Divertimento

Encores’ current offering, Irma La Douce, offered me the opportunity to see an old musical I knew virtually nothing about. So, there’s fun in discovery. And I’m glad to gain familiarity with a hit show from the 60s.

But sometimes you open up a package and inside is a musty pair of socks. Irma La Douce is a little-known oddity that deserves obscurity. It started life as a hit in Paris, then underwent a metamorphosis to make it fit for Brits; finally, David Merrick brought it over here. The master producer of the second half of the twentieth century, Merrick had a knack for figuring out what bits of European culture the Broadway crowd might flock to. Irma La Douce presents an oh-so-French café in Pigalle and we’re supposed to be fascinated by the land of l’amour and how things are different there.

Sound familiar? I suppose time and too many Paris-set shows have made the mise-en-scène overly familiar in the past half-century. But one looks to Irma La Douce for a little more authenticity, since it’s actually created by French writers Alexandre Breffort and Marguerite Monnot; adapted and translated by Julian More, David Heneker and Monty Norman. But all we get are clichés like “A lamppost in the rain.” Wow: Paris. Too bad my town doesn’t have anything like that. On comes a prostitute from Central Casting; she meets a naïve young man and they instantly fall in love. Now, love-at-first-sight certainly occurs in many a musical; here, I think we’re meant to see this trope as amusing. The show seems to be saying “This sort of thing happens in Paris all the time: helluva town, no?” And I can get with that, for a while, since the show is soufflé-light and peppered with a good amount of punch lines. But what I can’t do – notably during the big love song, called Our Language of Love – is feel anything.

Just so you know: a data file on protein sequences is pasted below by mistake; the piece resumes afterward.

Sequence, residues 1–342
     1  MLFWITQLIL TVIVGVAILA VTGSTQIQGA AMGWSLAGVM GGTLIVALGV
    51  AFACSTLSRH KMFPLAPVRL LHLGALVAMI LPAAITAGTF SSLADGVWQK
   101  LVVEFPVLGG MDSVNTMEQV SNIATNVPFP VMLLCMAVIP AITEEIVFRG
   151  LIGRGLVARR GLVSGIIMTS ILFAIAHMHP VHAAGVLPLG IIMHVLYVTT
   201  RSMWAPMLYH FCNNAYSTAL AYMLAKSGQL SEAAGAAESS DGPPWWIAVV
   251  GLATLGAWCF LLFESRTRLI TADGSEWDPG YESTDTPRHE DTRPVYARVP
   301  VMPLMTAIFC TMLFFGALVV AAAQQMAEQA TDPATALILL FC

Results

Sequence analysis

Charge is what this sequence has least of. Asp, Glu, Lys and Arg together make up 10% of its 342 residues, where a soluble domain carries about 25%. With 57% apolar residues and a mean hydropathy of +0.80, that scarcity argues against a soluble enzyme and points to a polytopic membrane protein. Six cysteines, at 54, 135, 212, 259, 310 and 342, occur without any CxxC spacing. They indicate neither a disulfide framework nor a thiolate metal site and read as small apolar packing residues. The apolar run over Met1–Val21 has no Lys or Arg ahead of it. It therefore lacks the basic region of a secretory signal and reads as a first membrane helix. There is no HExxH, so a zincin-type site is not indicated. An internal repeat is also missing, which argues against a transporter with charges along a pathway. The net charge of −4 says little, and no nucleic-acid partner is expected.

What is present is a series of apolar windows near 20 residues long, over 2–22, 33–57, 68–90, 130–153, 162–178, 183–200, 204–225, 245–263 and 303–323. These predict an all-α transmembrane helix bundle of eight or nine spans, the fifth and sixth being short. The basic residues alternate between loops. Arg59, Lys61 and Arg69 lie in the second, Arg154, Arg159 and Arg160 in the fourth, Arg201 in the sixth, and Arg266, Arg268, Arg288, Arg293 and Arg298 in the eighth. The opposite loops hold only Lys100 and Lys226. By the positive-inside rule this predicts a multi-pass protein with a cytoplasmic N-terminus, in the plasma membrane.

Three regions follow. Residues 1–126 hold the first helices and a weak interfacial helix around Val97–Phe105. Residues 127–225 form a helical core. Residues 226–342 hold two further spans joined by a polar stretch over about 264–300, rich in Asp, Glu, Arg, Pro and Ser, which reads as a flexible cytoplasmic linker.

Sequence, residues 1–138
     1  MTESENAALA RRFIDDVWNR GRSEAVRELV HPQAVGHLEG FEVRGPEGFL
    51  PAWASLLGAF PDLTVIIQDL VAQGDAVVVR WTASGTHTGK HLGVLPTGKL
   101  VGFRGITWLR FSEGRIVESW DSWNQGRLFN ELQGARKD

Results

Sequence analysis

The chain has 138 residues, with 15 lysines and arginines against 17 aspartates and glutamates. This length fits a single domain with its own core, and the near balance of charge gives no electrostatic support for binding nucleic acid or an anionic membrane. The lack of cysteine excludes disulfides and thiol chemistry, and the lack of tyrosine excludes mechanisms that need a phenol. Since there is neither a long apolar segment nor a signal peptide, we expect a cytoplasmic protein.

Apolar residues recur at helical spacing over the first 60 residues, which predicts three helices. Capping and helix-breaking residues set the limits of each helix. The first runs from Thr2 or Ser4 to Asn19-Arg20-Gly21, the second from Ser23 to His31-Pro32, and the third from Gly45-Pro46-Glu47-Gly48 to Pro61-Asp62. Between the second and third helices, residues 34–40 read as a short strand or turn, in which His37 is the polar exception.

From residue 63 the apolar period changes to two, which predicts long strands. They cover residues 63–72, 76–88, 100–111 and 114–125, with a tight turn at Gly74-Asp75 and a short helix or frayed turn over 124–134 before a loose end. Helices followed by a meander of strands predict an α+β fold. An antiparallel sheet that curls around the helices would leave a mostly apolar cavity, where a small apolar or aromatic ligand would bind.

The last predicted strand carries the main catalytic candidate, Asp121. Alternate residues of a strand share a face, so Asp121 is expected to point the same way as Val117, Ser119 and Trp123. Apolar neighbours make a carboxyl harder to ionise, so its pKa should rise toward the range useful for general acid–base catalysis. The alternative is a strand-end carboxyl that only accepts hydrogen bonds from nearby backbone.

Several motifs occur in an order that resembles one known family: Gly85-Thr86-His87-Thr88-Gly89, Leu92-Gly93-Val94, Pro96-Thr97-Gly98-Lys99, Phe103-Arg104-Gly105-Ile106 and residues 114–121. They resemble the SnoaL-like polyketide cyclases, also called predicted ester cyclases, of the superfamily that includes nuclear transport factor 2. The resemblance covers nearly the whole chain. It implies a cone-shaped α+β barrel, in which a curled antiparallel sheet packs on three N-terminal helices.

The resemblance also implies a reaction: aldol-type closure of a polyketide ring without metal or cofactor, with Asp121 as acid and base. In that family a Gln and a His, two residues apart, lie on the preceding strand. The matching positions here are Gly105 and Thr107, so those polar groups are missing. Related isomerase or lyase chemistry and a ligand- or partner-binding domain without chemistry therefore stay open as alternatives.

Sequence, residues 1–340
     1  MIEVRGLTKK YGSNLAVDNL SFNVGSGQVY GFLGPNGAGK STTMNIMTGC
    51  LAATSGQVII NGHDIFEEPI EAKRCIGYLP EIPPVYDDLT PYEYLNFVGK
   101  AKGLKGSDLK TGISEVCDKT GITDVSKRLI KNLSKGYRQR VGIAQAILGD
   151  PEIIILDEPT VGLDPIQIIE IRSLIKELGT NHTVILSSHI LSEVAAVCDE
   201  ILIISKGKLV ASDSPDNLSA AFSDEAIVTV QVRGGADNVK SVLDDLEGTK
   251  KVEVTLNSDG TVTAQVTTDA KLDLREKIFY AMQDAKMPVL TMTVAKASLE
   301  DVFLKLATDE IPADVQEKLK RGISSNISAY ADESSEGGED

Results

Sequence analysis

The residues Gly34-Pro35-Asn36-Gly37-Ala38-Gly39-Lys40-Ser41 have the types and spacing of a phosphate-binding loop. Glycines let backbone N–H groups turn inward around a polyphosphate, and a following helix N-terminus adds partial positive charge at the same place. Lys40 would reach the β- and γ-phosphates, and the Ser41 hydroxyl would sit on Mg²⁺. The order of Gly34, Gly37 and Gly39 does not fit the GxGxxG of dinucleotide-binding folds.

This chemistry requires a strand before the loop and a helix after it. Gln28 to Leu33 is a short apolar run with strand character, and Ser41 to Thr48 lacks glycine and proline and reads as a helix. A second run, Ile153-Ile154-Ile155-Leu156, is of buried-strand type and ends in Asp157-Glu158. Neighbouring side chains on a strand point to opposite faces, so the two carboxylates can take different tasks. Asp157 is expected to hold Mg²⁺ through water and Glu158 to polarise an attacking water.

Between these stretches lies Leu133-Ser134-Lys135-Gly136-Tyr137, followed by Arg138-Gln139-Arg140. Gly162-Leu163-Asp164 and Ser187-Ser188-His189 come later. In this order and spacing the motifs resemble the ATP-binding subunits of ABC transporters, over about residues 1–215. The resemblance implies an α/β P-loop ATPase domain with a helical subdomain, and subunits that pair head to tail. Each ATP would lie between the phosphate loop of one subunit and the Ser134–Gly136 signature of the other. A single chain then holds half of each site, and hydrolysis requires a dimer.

No need to speak, no need to sing,
When just a glance means everything,
Not a word need be spoken,
In our language of love.

I’ll touch your cheek, you’ll hold my hand,
And only we will understand,
That the silence is broken,
By our language of love.

It’s clear to you, it’s clear to me,
This precious moment had to be,
Other moments outclassing,
Guardian angels are passing.

That’s crummy lyric-writing, folks. (I tend to blame the three – count ‘em: three – British translators.) This couple might be any couple. I learn nothing about them when I hear this song. It’s pleasant; it passes by.

Like many of the Eurotrash scores in the more-recent Eurotrash era, a handful of themes are repeated ad infinitum, repurposed for utterly different situations, as if composer Monnot couldn’t be bothered to come up with more than a half dozen tunes. The trouble with Irma La Douce that might be most instructive to us all has to do with Irma La Douce, the song. Taken out of context, it’s plenty powerful, the sort of pained threnody Piaf might sing, and Monnot previously penned a passel of Piaf hits. (O.K., I’ll give my P key a rest now.) When it comes up in the middle of Act Two, though, we’re not prepared to invest in Irma’s feelings because the show has been telling us, from the very beginning, not to take anything seriously. And, speaking of the very beginning, the opening number used the exact same tune.

Something else, not in the writing, gave me déjà vu. Three years ago, an Encores staging featured Rob McClure as a young man in love, forced by farcical circumstances to dress up as someone else. That show – also rarely done anymore – was Where’s Charley?, based on the old comedy, Charley’s Aunt, with a score by Frank Loesser. McClure’s impressive once again, but back then he was a total unknown to me, now he’s a rising star with a Tony nomination. But Loesser’s songs are superbly crafted to give you a rooting interest in all the romance enmeshed in cross-dressing silliness. Irma La Douce is droll and no more.

It is, I should note, highly unlikely that Breffot and Monnot, writing in France for a French audience, had any awareness of Where’s Charley? The chain of influence is endlessly fascinating to me: Artists’ output is inevitably shaped by things they’ve seen, even if it’s to say “I’m going to avoid doing that.” Irma La Douce may well have seemed fresh when it first came out (I’ve no way of knowing). But this week, at City Center, I suggest you see it simply to avoid doing anything like it.

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